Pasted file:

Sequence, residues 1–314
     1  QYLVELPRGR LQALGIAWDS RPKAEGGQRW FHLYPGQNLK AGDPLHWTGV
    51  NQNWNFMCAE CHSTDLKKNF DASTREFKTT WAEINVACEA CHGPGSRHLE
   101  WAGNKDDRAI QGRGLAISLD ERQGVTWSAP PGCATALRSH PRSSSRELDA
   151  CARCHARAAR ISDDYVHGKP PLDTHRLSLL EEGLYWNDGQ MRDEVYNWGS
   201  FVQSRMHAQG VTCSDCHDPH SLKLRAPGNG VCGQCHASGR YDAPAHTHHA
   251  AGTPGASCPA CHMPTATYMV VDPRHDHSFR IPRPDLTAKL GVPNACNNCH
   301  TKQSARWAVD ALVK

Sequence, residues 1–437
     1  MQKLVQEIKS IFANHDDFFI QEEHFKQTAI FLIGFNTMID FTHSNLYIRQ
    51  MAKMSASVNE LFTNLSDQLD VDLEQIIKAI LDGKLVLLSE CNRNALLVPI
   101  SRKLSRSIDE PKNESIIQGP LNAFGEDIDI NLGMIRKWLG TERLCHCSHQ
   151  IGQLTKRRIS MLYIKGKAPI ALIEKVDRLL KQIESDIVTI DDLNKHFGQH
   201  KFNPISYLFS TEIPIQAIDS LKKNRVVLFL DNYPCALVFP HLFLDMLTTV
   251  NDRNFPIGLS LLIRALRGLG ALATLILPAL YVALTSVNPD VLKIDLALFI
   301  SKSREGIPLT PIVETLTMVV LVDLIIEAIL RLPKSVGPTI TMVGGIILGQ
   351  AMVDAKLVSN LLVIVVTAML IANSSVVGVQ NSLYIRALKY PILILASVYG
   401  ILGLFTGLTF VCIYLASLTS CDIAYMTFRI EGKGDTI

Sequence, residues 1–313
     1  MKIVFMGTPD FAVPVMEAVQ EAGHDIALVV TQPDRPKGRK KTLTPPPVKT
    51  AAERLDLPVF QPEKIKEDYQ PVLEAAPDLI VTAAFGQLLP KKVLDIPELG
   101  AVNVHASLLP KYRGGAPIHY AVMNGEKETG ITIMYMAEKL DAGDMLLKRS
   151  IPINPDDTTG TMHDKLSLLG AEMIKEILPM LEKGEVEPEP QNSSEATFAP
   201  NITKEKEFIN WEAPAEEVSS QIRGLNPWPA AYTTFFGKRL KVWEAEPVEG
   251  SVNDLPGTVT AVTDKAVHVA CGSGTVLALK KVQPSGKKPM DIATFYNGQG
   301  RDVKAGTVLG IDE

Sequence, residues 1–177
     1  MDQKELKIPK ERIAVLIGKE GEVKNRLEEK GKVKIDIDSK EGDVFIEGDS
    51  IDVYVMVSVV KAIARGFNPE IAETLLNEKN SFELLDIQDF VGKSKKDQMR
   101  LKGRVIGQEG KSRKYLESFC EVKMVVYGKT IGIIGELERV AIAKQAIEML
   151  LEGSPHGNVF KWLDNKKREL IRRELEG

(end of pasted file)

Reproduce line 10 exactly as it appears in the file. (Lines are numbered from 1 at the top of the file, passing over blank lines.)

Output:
     1  MQKLVQEIKS IFANHDDFFI QEEHFKQTAI FLIGFNTMID FTHSNLYIRQ